Some of the nation's largest publishers are starting to sell ad space in what may be the final frontier of digital advertising: the trillions of images displayed across the Internet. If startups in Silicon Valley and elsewhere have their way, it will become commonplace to mouse over an image and find advertising, e-commerce or other information contained within.
"This category is very quickly coalescing into the immense opportunity and trend that we expected it would," said Bob Lisbonne, CEO of Pixazza, a 3-year-old company in Mountain View, Calif., that delivers ads and e-commerce to 3,000 digital publishers. It serves ads to 150 million unique visitors a month, a figure that has tripled since January.
But the startups acknowledge a significant risk: that they will alienate Web users, who will go to great lengths to avoid intrusive advertising.
"Three years from now, what users expect to be able to do with an image will have a lot to do with how responsible the companies who are in the industry today are," said Rey Flemings, CEO of San Francisco startup Stipple.
For all the difficulties of reaching consumers on the Web, online advertising keeps growing. U.S. companies spent $26 billion on digital ads in 2010, 15 percent more than they did in 2009, according to a study by PriceWaterhouseCoopers.
Pixazza ("pick-SAW-zuh") launched in 2008 with a big goal: to make every Web image interactive. "Now every picture is worth more than 1,000 words," its website asserts. The company has raised $17.8 million to date, more than any of its competitors. Its investors include Google's venture capital arm.
Lisbonne says that, eventually, hovering over an image will unlock all sorts of information, like flipping over a baseball card to find statistics. To date, Pixazza has focused on using images to enable shopping.
The challenge facing image-based advertising companies is choosing who will tag the Web's trillions of images and match them with advertisers. Pixazza's founders decided they couldn't do it using computer science alone.
"Algorithms even at their best don't tend to have judgment and taste and style," Lisbonne said.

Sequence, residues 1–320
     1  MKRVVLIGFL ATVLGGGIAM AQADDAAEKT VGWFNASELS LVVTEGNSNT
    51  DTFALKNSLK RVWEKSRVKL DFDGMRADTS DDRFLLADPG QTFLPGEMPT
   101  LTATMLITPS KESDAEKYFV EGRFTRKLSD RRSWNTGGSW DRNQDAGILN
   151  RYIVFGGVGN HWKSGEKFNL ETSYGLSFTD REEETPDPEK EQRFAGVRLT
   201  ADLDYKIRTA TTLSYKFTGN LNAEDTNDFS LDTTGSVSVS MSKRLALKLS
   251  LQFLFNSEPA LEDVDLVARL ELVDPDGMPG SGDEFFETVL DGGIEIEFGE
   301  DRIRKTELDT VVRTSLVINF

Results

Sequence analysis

Pixazza has contract employees identify products inside images on websites and match them with products from Pixazza's network of advertisers. Mouse over an image of a denim shirt-clad Sean Penn on MSNBC.com and a pop-up image will suggest a similar, less expensive shirt identified by Pixazza's contractors. Click the image and you can buy the shirt.
Shara Johnson, a 34-year-old contractor in Virginia Beach, Va., spends several hours each week matching fashion and celebrity photographs with more affordable merchandise.
"I'm always on the lookout to see what the new trend is," said Johnson. "... It's like you're a buyer and you're selecting clothing for that particular store."
Lisbonne says Pixazza is on pace to deliver 30 billion image views this year, a figure that has increased 50 percent in the past two months. Its ads now appear on "The Today Show" website and the gossip site Just Jared.
At Stipple, anyone who mouses over images will learn the precise products and can shop directly.
"If you Google 'red Ferrari,' you don't want Google to say, 'You can't afford it, so we'll show you red Hondas,' " Flemings said.
Various people can tag for Stipple: the person who took the photo, the stylists who created a celebrity's look, or brand agents who notice their products in a picture..
Stipple, which launched in September, has raised $2 million in venture capital.
While Pixazza and Stipple compete to build e-commerce into images, other companies are embedding a more familiar form of advertising into images. Santa Monica's GumGum puts Google AdSense-style keywords along with banners and Flash ads into images on sites from Gannett, Time-Warner, gossip site TMZ and others
In New York, Image Space Media is making a similar bid for users' attention.
Images make new connections possible, executives said. After a recent campaign for Gillette razors that featured Jennifer Lopez, Image Space worked to embed Gillette ads into images of Lopez on fashion and celebrity gossip sites, extending the campaign's reach.
"We've just begun to scratch the surface on how you can use this creatively," said Adrienne Skinner, Image Space's chief revenue officer.